Oh, please note that we have set up a new fan page for this blog and all things Environmental Technologies Inc. the makers of Envirotex Lite.  I have a link at the side of this blog!
Please LIKE us!

Wednesday, April 27, 2011

Design Challenge

This is a picture of a brooch I took in a Paris shop window two weeks ago.
I thought it was glass and looked very heavy.
It was made from resin!
So I am challenging myself today to make something inspired by it by Friday.
Along the way I will be able to explain one of the many ways to add a little colour to your resin.

Tuesday, April 26, 2011

The Resin Doming Technique Explained!

First, let's begin with a little eye candy.  I have a very cool new bracelet.  It is made of vintage watch parts and an old dis-assembled bracelet .
Last week I posted this image of some resin I poured into some old watch faces.  Notice how the resin leveled out?  It created a nice flat surface.  I could have stopped there but a few of you have been asking about "doming."  I think there might be confusion because some resin sellers say their resins dome and others do not.  You make the resin dome.  It doesn't dome for you.  And I am going to show you how easy it is to do with Envirotex Lite.
This was my watch face with one layer of resin.  I added a few glitter dots to the surface and let them dry.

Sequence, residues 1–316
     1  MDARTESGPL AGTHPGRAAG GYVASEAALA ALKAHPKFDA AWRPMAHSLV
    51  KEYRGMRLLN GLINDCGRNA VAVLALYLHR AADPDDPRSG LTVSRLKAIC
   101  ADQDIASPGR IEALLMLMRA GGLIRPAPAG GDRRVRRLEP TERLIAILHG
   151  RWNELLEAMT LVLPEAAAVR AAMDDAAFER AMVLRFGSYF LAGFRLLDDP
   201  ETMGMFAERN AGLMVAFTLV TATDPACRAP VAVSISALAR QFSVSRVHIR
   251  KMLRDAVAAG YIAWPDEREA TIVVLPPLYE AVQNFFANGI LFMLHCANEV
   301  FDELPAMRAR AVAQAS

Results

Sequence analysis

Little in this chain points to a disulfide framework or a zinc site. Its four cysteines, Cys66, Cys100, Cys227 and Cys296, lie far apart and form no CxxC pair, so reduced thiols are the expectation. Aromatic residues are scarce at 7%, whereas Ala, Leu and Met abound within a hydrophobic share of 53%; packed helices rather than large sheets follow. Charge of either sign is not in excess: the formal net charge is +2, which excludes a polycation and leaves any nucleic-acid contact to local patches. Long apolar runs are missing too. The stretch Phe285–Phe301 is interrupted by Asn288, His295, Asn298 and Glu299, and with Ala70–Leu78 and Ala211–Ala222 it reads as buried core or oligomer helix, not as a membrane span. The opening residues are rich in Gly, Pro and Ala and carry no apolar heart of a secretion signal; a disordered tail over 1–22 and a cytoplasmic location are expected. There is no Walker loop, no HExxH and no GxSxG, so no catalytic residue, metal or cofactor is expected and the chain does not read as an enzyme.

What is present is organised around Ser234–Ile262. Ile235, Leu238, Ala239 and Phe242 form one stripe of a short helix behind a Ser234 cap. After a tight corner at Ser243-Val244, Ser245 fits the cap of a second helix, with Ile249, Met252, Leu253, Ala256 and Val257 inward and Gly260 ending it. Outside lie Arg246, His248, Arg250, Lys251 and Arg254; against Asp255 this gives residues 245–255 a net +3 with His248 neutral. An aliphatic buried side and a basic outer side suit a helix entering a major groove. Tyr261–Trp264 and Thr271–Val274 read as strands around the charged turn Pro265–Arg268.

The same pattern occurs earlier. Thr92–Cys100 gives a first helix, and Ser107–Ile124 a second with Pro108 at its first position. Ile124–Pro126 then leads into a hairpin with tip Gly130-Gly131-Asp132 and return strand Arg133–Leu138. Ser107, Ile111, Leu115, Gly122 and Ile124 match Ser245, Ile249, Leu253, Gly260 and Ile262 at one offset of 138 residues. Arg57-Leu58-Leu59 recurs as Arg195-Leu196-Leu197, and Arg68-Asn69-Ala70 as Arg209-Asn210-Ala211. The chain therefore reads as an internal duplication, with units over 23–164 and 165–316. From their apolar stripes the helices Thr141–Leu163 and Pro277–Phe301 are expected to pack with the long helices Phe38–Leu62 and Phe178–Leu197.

Then I mixed up Envirotex Lite as I normally would and chose to pour it into this tiny squeeze bottle.  Now I can control the amount of resin I pour.  See how it already is doming?  Resin is thick.  As long as you can provide it with a border it will keep the shape.
With my squeeze bottle I was able to control how much resin was now on the watch face, one drip at a time.
 That tiny edge kept the dome's shape.  I LOVE THIS technique!  You'll also notice that when you pour resin onto dried resin there are almost no bubbles to deal with.
 If you had poured resin onto a flat surface it would just spread until the dome was gone.
The only thing you need to worry about with this technique is working somewhere flat and sturdy.  You don't want to bump these and have resin start pouring down one edge....once it starts, it all follows.  These domes dried perfectly after sitting for 48 hours.
That would be the end of my lesson but I thought I would tell you how I made the bracelet.  I found an older piece of costume jewelry in my stash. 
 I broke it up for spare parts and then rebuilt my bracelet!
It is so unique!  This one is a keeper!

Monday, April 25, 2011

Envirotex Lite As A Glaze - The Feather Butterly

 I have a new necklace design idea to share with you today!
It begins with this dollar store feather butterfly.  I found it earlier in the week and was so surprised it was a dollar.  The feathers even have some additional hand painted decoration.  I do like feathers but they are very fragile.  I wanted to wear the butterfly as a necklace and coating it with resin will make it a sturdy pendant.
I mixed up a small batch of Envirotex Lite.  As always, it is a 1 to 1 ratio and the instructions are in the box.